A trial of ‘virtual site visits’ with a small group of inspectors has started and according to PINS April 2020 statistical release, on 23 April 26 appeals were progressing through the experimental virtual site visit process. A review by PINS has concluded that based on a sample, “up to 25% of appeals may be eligible to proceed without a site visit” and “from a sample of 60 hearing appeals there is a possibility that 10 could proceed by the written representation route”. Again this is welcomed but progress seems a little slow but if its slow but sure and this potentially leads to permanent improvements which speed up the process we must bear with it.
There is a similar situation with the postponement of examination hearings with the consequent effect this is going to have on the timetables for the adoption of Local Plans in the future. Whilst some delay is unavoidable, the potential length of those delays and how the backlog will be dealt with is now starting to become a cause of increasing concern. PINS must give the development industry some reassurance of the likely extent of any backlog that is emerging and how this will be managed in the future.
The quick-fixes introduced show that the Government can respond quickly to help ensure that planning adapts to the difficult circumstances we find ourselves in. The Government must follow the lead of others in bringing forward primary legislation to extend the life of planning permissions due to expire in the next year. Legislation to reduce the impact of CIL payments on developments that cannot be completed and/or occupied is also essential.
Currently, most planning permission expire after 3 years from granting of full planning permission or 2 years from final approval of reserved matters for outline planning permissions, unless longer time periods were granted by the local authority. Many planning permissions due to expire this year could fall away, given the likelihood of delays at every step of the development process.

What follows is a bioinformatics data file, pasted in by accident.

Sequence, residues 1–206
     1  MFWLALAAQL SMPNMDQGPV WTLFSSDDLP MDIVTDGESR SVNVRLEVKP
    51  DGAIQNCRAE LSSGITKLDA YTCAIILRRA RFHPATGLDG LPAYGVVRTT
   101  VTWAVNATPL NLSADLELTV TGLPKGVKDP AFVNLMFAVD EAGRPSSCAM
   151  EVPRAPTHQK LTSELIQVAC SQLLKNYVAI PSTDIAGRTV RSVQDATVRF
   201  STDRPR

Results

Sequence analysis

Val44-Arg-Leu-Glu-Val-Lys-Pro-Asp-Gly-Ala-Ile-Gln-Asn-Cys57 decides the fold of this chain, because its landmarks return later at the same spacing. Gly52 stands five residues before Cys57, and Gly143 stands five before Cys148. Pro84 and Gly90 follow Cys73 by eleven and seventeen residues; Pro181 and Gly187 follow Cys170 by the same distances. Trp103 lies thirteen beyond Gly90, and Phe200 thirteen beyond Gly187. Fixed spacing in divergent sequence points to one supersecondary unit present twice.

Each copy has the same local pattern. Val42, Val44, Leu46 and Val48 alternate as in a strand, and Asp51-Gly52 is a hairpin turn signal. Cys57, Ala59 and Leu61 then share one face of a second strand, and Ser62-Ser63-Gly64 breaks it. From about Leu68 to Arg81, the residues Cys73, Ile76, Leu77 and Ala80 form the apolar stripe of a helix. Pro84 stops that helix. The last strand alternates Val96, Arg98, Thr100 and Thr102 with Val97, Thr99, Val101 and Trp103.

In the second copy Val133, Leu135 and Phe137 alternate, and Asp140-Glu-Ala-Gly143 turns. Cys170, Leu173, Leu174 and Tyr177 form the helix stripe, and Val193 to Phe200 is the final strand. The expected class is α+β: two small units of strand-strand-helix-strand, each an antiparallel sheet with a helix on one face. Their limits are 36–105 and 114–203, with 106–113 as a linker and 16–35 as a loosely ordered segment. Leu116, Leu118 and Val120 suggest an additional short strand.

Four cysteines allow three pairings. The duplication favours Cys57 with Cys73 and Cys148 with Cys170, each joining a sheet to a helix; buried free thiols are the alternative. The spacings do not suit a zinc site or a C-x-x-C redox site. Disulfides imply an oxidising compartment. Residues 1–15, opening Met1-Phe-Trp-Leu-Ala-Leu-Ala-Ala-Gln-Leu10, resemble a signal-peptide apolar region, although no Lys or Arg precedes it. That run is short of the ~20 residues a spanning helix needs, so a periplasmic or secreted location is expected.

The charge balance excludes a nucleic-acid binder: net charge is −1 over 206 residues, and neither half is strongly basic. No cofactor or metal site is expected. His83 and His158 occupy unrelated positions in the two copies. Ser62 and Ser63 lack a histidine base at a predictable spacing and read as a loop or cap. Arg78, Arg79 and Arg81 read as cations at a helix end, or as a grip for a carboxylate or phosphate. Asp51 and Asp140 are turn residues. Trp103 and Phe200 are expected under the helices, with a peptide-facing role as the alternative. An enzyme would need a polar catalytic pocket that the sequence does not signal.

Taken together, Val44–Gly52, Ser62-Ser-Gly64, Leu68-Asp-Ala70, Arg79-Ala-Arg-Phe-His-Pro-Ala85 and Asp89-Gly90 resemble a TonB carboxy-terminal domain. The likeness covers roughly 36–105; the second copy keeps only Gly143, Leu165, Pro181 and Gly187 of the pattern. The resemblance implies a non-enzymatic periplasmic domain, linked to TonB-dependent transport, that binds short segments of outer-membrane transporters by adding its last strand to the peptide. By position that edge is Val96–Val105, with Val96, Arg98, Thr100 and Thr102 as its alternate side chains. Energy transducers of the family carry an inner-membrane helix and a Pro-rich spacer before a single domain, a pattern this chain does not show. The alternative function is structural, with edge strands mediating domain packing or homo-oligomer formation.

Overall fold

Where a planning permission has expired, applicants incur significant costs, especially in situations where local circumstances have changed and development proposals may need to comply with different policy requirements. This may result in previously permissioned development not coming forward at all.
In England the usual mechanisms to amend planning permissions under Section 73 and Section 96A of the 1990 Act do not extend to varying any conditions relating to the time limits of the permission.
It seems increasingly likely that primary legislation will be brought forward along the lines promoted by Victoria Hills of the RTPI. Consideration should also be given to permanently removing the restrictions on time extensions, for example by the deletion of section 73(5), introduced in 2005, which does not apply in Wales.
The rigidity of the CIL means that it continues to apply. There are some existing flexibilities around the pursuit of payments by collecting authorities, but, for the moment, developers must follow and comply with all CIL related requirements to avoid surcharges or the loss of exemptions or reliefs.
The Government should act to amend the CIL Regulations. This might include delaying when CIL payments are due and suspending demands for any pending payments. It would be helpful if the amendments consider CIL charges due between the lockdown coming into force and the amendments being made.
Ten years ago Government wouldn’t have concerned itself with planning matters in the midst of a pandemic. It's heartening now that it is doing so and this bodes well for wider planning reform in the future. The current situation merely exacerbates further the need for it to come forward quickly. The future of our town centres must now be front and foremost to this wider planning reform and there is little doubt now that it will be.
Other blogs in this series:
The High Street isn’t dead, long live the High Street #1
The High Street isn’t dead, long live the High Street #3
The High Street isn’t dead, long live the High Street #4 - repurposing for Alfresco Summer Dining
The High Street isn’t dead, long live the high street #5 - the Post-COVID “new norm”?